Why do we have to discover ourselves? You’d think ourselves were Nova Zembla or some African desert. But people do talk of finding themselves; and finding is a kind of relation.

Near the beginning of this talk I gave a definition in two forms: “Relation is the way things are and may be to each other” and “Relation is how things have to do, and may have to do, with each other.” Does that apply to things in oneself? When one is tired, is one in another relation to oneself? And what is the difference between self-discovery and self-resuscitation, or simply self-being? What is in the phrase pull yourself together?

In Hemingway’s Islands in the Stream, a character is bitter with himself, discontented with himself. Another work mentioned here, Across the River and into the Trees, of 1950, is about an officer in Italy who is very discontented with himself, and despite a strong quality, is always bemoaning himself: Look at me at 50 and what’s happened to me! And somehow it doesn’t have the quality of self-bewailing that had been in earlier Hemingway writing. So what is the difference?

Then, another great problem: what is the difference between self-pity and self-concern? The human being is a poetic possibility, and the distinction between self-concern and self-pity is like the distinction between poetry going well and poetry not going so well. That is: self-concern is poetry going well, and self-pity not so well.

Two years ago, then, Islands in the Stream appeared, and you had this bitter, retrospective strong person asking what had happened to him. There’s a difference between the introspector and the introspectee, though they’re the same person; and they are in a relation.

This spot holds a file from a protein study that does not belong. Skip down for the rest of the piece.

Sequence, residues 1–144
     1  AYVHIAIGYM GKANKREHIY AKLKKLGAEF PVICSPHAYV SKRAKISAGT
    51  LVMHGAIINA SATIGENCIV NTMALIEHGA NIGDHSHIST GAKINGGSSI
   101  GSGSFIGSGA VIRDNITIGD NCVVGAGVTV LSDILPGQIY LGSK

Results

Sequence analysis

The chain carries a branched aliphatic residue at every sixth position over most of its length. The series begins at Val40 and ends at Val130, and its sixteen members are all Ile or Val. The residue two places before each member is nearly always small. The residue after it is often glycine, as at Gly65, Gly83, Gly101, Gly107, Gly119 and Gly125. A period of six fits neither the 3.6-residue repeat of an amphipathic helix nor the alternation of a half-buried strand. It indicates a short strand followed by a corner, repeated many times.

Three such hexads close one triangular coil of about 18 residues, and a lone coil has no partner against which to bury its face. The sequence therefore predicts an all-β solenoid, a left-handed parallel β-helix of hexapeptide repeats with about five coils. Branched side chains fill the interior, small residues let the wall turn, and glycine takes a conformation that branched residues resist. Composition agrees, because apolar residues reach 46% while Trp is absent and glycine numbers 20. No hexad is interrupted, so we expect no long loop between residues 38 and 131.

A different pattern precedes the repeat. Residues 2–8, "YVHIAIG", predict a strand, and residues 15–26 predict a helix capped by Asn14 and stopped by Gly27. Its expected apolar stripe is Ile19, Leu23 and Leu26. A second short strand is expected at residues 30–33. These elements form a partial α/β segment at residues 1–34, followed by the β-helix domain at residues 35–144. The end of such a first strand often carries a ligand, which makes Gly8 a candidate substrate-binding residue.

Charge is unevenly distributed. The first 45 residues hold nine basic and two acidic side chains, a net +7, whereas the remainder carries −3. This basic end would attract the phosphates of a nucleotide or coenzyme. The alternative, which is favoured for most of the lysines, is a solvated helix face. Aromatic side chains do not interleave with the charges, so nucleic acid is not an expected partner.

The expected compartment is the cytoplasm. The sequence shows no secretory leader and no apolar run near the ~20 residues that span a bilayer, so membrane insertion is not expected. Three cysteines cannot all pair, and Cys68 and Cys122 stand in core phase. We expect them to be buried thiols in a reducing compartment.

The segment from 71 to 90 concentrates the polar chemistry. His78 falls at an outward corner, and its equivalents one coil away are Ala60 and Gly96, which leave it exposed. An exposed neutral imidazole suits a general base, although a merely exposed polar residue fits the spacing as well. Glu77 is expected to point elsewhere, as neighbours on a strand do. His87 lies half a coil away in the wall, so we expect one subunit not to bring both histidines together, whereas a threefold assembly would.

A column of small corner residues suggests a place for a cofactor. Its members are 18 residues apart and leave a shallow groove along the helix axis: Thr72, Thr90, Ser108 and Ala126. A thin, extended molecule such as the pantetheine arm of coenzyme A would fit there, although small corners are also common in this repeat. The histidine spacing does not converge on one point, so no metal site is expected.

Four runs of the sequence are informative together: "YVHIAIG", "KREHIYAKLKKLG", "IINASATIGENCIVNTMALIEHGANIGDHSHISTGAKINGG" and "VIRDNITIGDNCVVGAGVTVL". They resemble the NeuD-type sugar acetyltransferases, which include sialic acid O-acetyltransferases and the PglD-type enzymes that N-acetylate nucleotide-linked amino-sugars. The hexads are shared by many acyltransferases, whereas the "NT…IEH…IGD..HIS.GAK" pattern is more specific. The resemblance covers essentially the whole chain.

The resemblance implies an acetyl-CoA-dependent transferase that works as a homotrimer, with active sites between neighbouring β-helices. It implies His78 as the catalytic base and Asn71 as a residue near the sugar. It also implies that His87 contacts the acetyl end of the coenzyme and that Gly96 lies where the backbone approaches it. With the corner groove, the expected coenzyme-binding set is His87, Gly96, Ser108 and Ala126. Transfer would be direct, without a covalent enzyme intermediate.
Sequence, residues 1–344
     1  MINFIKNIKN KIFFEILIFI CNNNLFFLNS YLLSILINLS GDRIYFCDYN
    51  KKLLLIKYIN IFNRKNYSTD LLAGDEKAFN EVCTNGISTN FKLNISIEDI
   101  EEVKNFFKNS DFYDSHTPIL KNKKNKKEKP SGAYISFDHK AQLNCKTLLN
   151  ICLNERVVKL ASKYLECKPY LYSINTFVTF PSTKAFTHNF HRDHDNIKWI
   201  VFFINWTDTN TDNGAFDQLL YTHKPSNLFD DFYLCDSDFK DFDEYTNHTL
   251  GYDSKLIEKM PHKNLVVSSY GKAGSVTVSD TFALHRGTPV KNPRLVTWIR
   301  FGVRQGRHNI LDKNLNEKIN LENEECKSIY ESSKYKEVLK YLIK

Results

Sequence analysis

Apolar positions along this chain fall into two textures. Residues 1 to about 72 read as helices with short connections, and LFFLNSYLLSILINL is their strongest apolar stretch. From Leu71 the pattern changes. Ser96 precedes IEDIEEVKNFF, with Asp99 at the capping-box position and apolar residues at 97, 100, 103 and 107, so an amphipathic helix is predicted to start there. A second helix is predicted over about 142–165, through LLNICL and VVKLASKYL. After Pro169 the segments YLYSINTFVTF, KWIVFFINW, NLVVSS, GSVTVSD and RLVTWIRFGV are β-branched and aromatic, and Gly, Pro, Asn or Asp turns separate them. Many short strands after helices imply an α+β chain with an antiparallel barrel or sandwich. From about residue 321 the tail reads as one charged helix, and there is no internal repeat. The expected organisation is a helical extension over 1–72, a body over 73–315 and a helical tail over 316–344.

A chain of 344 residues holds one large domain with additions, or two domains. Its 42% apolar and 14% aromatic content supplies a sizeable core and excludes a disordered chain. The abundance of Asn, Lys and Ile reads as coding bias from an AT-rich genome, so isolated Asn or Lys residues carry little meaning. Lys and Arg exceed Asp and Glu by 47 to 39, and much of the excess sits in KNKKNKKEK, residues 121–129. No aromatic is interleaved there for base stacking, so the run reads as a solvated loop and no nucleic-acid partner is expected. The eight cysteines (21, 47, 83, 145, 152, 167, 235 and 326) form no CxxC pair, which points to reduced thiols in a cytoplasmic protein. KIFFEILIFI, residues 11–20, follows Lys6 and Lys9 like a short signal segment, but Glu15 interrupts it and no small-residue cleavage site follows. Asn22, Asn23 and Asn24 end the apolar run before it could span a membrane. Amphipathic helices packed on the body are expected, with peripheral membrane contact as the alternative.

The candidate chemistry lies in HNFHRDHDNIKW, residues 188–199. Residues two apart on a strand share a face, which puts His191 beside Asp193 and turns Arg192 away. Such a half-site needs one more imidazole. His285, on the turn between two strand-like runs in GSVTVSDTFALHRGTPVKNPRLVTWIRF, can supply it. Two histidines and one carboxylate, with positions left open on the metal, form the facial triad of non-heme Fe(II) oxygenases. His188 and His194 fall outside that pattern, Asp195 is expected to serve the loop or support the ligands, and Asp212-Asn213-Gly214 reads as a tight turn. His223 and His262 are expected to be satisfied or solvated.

Diminishment

Aldridge says with pathos that people were hoping Islands in the Stream would be a very good work. There was a review of it, by Robie Macauley in the New York Times Book Review, that said it was a masterpiece, but hardly anybody went along with that. This is Aldridge:

There is diminishment for each of us in the possibility that the book might prove a disaster. But the worst diminishment of all: if honesty forces it upon us...to say, as unfortunately one must, that the book is neither very good nor very bad.

Those sentences are about a relation: If we see a big tree fall, we take it upon ourselves—we feel, Look at us. In fact, no big building can crumble without our feeling, See what can happen to us. So if Hemingway can, toward the end of his life, write things, and he tries to regain a self and doesn’t, it is sad news for everyone as every person tries to maintain self and add to it. To maintain the self is to be equal to it. To add to it is to be more than self. But equal to and more than are both terms of relation. Mathematics is like poetry this much anyway: it is all about relation.

Aldridge is saying that in Islands in the Stream Hemingway didn’t know what he was doing—that a certain awareness of self as working in art was not had. The word self-critical is a word of relation. Hemingway couldn’t be self-critical, though he was doubtful about many things.

Power and Delicacy—and Contempt

Aldridge doesn’t go into why Hemingway met this weakness. The big thing is that Hemingway was a victim, as nearly everybody is, of contempt. And contempt and art—they just don’t mix. When you have contempt, without knowing it you’re saying bye-bye to art. And Hemingway had contempt for too many things.